How on-demand technology is empowering the culinary traditions of African and Latino communities
In the United States there are approximately 1.6 million immigrants from African countries and 21.2 million from Latin America, and we see reflections of this every day in large American cities, where world cuisine is ubiquitous. Take a walk through New York City, and you’ll find Colombian empanadas, Korean mandu, Syrian baba ghanoush, and of course, the all-American hot dog. People living within these bustling, metropolitan areas can find new things to try, as well as their favorites from back home.
The problem is, the pickings can be much slimmer for people living outside these urban jungles. With much of the familiar produce out of reach in far away specialty stores, or in other countries, people often resort to having friends and family bringing it in from the outside. Unfortunately, in many instances, this food is confiscated at the customs gate, and those nail-biting waits to see if your special biscuits have come through often end in disappointment.
In this article, I’m going to talk about how people from African and Latin communities will soon be able to take advantage of niche, on-demand services to get the goods they need.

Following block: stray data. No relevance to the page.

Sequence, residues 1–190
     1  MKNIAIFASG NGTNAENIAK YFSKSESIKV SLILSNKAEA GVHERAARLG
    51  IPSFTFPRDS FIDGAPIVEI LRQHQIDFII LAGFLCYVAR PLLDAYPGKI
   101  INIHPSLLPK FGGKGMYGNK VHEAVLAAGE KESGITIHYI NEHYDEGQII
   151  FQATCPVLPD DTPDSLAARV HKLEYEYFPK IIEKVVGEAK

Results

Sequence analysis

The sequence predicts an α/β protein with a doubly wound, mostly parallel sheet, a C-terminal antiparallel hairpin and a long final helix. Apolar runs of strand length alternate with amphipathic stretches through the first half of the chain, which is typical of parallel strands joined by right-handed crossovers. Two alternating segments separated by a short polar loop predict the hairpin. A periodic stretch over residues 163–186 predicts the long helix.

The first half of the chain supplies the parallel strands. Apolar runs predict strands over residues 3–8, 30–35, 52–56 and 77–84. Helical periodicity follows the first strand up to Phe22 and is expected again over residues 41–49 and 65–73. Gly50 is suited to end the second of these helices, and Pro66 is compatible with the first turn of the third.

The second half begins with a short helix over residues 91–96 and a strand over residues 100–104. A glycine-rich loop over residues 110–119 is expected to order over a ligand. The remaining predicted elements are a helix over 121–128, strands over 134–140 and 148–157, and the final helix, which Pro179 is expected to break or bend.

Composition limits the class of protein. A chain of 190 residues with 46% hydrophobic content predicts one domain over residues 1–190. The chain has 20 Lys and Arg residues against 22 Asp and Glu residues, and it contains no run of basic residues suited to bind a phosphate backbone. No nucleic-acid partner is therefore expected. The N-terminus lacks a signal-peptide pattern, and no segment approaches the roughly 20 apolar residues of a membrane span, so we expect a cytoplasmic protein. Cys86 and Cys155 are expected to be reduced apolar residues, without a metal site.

On-demand growth and its niche markets that will ultimately benefit
First of all, let’s look at on-demand services themselves. These are channels that meet consumer demand by leveraging technology to provide nearly instant access to goods or services. Right now, there is a huge appetite for this and it has the potential to get much bigger, according to the 2015 Mobile On-demand Survey.
This new trend is almost certainly down to the generational shift in attitude; as a country, we seem to be growing more impatient. The phenomenon is especially prevalent among Millennials, who have been hardwired with high expectations from birth. As Asha Sharma says in her Forbes article on Millennial leaders: “Millennials are impatient. We are the generation that expects instant gratification.”
Our mobile phones and tablets are giving us what we need at the push of a button, and services such as Instacart and Postmates are fueling this change in attitude by giving customers unprecedented levels of convenience. You probably already know of services like Uber, the app that lets you hire a driver or car share from your phone in just minutes. There are also popular services with more than 10 million members like Amazon’s Prime Now, which delivers your shopping to your doorstep within 60 minutes, for just $7.99. Not only are on-demand services meeting our needs quickly, but they are also economical, often cutting out the middleman to pass on savings to the customer.
Building a solution for dispersed communities that benefits everyone
The thing is, it’s not just industry pioneers like Uber, or giant corporations like Amazon that are able to offer on-demand services. Neither are these services simply there to benefit the young and rich city-dwelling millennials; rather, they have an enormous potential to impact the lives of many thousands of people outside of these privileged groups. Open source (free and open to be modified), on-demand technology is now available, which means that smaller retailers are able to leverage its potential and deliver products to customers, whoever they are and wherever they may be.